Feeds
75%

2P Slim-Mouse

Freakish or functional: is this credit card-sized mouse worth its cheese?

Intelligent flash storage arrays

Exclusive Review Manufacturer Power Positioning - aka 2P - describes the G4 Slim-Mouse as "the thinnest laptop mouse ever invented". That's not entirely true - Newton Peripherals' MoGo Bluetooth-connected rodent is just as thin as the Slim-Mouse and has been around for a little longer.

P2 Slim-Mouse

The Slim-Mouse also suffers in comparison with the MoGo because, unlike its rival, it's not a wireless product. What we can say is that its metal construction makes for what seems a much sturdier product, better able to survive life on the road. Helping it along in this respect is the leatherette wallet the Slim-Mouse comes boxed up with - alongside an A5-sized roll-up mouse mat.

But enough of the packaging. Out of the wallet, the Slim-Mouse looks like a PC Card peripheral of old - indeed, it's designed to able to fit inside a Type II PCMCIA slot, which it does, sort of. It went into the slot on our PC, but not smoothly and it still poked out a centimetre or so beyond the edge of the laptop. A bit like a Wi-Fi card.

Unopened, the Slim-Mouse is 9.4 x 5.3 x 0.5cm. The top half holds the business end - a small unit that has the optical pick-up, buttons and, in place of a scrollwheel, a trackpad - fitted between a two-tine fork. The very thin USB cable fits into a groove running into the bottom half of the mouse, which contains a spindle for the cable and the USB connector, itself just thick enough to sit inside the host PC's USB port.

With the USB connector in place at the centre of the spindle it's easy to turn it with your thumb and unpack the cable - and retract it when you're done. With the cable out, you push the optical unit a little way out to begin the Chinese Puzzle-like way you prepare the mouse for use.

The two halves of the rodent are separated by pivot cut at angle so that when the two halves are turned you end up with a V shape. With the V inverted - point upwards - you turn the optical unit so the LED is facing down, ready for use. Plug the USB cable in and you're away.

The tines of fork terminate in two spring-loaded bearings, one on either side. These run down tracks in the optical unit allowing it to be extended. Four indentations on each side lock the bearings in place so the buttons aren't constantly sliding about under your fingers.

That's the theory, at least. We found the arrangement initially too loose to work effectively and the optical unit kept falling off when fully extended. Pushing the prongs together a little helped tremedously, so there's another advantage to metal: unlike plastic, it bends.

Even so, the Slim-Mouse doesn't fit together with a James Bond gagdet quick click-click-click-and-you're-done motion, so it's going to be hard to look cool assembling one of these in front of chums, business colleagues and other folk you want to impress.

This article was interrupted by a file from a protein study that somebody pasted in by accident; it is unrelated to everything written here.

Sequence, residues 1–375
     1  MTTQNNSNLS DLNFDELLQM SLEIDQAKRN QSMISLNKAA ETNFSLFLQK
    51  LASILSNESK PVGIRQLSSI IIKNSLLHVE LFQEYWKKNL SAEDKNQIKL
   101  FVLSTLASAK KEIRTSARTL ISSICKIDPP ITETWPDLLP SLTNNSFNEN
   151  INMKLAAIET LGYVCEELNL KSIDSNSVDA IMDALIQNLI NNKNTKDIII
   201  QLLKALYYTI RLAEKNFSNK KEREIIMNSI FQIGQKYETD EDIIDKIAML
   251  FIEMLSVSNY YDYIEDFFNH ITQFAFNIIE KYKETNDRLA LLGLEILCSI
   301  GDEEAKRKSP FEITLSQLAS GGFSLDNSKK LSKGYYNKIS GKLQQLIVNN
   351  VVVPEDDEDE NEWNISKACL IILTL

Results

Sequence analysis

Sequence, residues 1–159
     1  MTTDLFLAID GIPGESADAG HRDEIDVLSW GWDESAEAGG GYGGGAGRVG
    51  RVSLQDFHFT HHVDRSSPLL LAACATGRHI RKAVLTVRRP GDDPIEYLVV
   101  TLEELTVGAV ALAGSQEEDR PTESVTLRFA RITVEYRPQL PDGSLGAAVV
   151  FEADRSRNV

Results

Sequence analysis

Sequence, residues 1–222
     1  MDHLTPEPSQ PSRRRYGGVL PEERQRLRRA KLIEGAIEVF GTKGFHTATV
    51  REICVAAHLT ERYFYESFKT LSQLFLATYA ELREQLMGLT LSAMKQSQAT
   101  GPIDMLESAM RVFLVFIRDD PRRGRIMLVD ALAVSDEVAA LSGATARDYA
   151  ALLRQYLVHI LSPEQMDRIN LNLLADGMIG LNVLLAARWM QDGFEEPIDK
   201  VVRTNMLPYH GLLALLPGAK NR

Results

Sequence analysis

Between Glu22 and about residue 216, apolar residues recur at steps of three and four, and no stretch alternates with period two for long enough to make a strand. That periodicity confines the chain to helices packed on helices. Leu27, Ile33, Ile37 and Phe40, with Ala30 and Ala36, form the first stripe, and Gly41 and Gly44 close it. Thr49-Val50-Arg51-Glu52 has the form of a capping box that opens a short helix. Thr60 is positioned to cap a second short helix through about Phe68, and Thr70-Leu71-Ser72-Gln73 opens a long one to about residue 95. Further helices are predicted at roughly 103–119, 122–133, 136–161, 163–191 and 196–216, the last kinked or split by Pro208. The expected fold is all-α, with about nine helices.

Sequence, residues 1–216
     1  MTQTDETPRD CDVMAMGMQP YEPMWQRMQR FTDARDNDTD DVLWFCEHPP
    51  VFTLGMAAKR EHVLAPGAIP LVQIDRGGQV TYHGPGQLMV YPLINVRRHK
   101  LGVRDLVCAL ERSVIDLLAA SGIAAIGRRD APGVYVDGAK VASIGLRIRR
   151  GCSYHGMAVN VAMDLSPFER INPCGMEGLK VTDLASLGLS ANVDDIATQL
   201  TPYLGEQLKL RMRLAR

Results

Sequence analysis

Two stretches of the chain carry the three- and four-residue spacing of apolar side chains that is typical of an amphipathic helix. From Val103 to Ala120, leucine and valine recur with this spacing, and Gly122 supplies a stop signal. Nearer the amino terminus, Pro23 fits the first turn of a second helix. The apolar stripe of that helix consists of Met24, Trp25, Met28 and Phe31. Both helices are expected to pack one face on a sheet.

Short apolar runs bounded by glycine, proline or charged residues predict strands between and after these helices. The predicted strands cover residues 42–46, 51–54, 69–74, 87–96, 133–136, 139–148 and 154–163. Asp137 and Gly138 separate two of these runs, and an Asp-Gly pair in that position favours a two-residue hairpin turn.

Top 5 reasons to deploy VMware with Tegile

Next page: Verdict

More from The Register

next story
Don't wait for that big iPad, order a NEXUS 9 instead, industry little bird says
Google said to debut next big slab, Android L ahead of Apple event
Xperia Z3: Crikey, Sony – ANOTHER flagship phondleslab?
The Fourth Amendment... and it IS better
Ex-US Navy fighter pilot MIT prof: Drones beat humans - I should know
'Missy' Cummings on UAVs, smartcars and dying from boredom
Netscape Navigator - the browser that started it all - turns 20
It was 20 years ago today, Marc Andreeesen taught the band to play
A drone of one's own: Reg buyers' guide for UAV fanciers
Hardware: Check. Software: Huh? Licence: Licence...?
The Apple launch AS IT HAPPENED: Totally SERIOUS coverage, not for haters
Fandroids, Windows Phone fringe-oids – you wouldn't understand
Apple SILENCES Bose, YANKS headphones from stores
The, er, Beats go on after noise-cancelling spat
Here's your chance to buy an ancient, working APPLE ONE
Warning: Likely to cost a lot even for a Mac
prev story

Whitepapers

Forging a new future with identity relationship management
Learn about ForgeRock's next generation IRM platform and how it is designed to empower CEOS's and enterprises to engage with consumers.
Why cloud backup?
Combining the latest advancements in disk-based backup with secure, integrated, cloud technologies offer organizations fast and assured recovery of their critical enterprise data.
Win a year’s supply of chocolate
There is no techie angle to this competition so we're not going to pretend there is, but everyone loves chocolate so who cares.
High Performance for All
While HPC is not new, it has traditionally been seen as a specialist area – is it now geared up to meet more mainstream requirements?
Intelligent flash storage arrays
Tegile Intelligent Storage Arrays with IntelliFlash helps IT boost storage utilization and effciency while delivering unmatched storage savings and performance.